MORANDI: A NEW INCAMMINATO
When the art historian Roberto Longhi began teaching at the University of Bologna in 1934, he designed a general course on the history of the Bologna school from the Middle Ages to the present day. The following year, he published that history with the title Momenti della pittura Bolognese. Longhi maintained that the dominant characteristic of Bolognese painting was the immediacy and expressiveness of its interpretation of naturalism. According to his history, the heroes of Bolognese art were the three Carracci brothers, Agostino, Annibale, and Ludovico. The Carracci—Baroque painters active toward the end of the sixteenth and the beginning of the seventeenth centuries—were the leaders of a modern pictorial style constructed on the basis of established artistic traditions. It is significant that he should have concluded his analysis with Giorgio Morandi, describing his work as that of a new incamminato, or one who is advancing along a path. Longhi stressed the fact that Morandi explored the past to find his path through the “most troublesome droughts” of modern painting.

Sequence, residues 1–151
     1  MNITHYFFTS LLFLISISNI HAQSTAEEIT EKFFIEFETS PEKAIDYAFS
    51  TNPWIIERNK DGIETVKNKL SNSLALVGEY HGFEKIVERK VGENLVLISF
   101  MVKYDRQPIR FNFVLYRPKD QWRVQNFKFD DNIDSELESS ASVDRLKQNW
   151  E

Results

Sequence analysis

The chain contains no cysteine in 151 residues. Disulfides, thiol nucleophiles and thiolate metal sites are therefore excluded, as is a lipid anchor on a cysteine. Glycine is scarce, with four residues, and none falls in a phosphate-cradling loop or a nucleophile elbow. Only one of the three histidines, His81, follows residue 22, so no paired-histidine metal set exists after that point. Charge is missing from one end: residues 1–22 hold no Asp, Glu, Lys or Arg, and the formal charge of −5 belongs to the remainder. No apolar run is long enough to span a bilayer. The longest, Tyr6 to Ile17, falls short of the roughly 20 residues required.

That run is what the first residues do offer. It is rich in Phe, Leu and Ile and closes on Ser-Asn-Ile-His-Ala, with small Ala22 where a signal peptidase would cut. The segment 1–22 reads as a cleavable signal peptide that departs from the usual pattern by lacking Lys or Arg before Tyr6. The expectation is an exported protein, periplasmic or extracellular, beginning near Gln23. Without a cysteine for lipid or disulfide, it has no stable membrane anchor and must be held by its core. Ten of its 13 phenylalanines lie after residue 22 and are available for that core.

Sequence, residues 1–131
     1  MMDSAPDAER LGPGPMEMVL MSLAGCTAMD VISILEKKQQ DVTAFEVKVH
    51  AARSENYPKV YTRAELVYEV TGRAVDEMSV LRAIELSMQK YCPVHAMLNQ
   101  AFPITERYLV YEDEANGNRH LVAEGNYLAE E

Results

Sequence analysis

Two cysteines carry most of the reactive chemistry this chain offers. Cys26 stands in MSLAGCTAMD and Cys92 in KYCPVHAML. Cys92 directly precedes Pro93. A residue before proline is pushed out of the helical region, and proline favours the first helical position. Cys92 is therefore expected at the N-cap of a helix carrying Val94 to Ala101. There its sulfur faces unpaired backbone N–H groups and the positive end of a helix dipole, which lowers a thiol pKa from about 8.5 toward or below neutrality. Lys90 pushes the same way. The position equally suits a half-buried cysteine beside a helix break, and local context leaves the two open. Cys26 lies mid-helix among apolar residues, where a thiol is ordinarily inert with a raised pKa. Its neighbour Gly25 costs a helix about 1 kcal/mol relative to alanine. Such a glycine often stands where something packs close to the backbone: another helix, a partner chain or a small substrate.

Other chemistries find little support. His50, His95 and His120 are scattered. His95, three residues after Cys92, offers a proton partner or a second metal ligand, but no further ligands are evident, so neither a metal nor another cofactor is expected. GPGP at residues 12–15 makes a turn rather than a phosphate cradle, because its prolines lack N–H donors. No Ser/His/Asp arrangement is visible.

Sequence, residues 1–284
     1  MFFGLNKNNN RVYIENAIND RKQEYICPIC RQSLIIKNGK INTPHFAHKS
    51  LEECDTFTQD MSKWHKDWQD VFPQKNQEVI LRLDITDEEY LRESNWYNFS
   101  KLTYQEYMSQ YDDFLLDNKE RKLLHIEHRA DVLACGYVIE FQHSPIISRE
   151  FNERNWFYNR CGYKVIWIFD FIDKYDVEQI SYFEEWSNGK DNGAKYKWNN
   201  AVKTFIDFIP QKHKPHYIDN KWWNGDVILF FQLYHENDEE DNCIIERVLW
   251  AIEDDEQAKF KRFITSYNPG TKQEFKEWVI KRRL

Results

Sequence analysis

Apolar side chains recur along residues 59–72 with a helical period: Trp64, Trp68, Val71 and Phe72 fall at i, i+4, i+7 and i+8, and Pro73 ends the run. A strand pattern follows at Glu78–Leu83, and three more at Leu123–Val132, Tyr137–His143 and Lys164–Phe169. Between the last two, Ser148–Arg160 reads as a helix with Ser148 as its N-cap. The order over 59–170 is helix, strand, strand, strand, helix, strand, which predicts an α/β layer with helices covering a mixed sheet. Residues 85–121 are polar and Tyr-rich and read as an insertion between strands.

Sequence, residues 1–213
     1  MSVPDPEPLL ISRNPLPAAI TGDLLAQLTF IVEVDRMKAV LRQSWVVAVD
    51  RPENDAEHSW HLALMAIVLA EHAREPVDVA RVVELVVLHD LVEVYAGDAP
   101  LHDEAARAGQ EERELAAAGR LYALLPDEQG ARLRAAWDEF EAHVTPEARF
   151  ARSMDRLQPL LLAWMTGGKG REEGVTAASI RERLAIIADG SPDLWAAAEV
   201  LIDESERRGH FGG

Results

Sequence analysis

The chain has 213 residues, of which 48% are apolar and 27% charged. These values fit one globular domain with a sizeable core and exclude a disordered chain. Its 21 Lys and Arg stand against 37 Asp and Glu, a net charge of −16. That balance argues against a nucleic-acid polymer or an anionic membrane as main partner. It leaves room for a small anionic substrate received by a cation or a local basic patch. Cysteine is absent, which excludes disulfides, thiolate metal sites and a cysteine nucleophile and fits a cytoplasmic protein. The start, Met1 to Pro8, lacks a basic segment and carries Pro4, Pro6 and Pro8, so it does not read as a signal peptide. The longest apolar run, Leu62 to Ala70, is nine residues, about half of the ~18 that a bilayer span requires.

Morandi never explicitly praised the art of his native city. Nevertheless, he did pay close attention to his Baroque precursors and other later influences. The Bolognese Seicento focused on daily life and represented its most humble aspects, and it was fundamental to the development of genre painting in Italy between the sixteenth and eighteenth centuries. While Morandi’s work should arguably not be classified as genre painting, since he eliminated picturesque elements from his images in a quest for a deeper understanding of the objects themselves, the artist seems to have responded to this Italian tradition in his representation of everyday scenes. This speaks to the important role artists from Bologna as well as Northern Italy played in Morandi’s painting. Shown in this room are a selection of such artworks from his personal collection.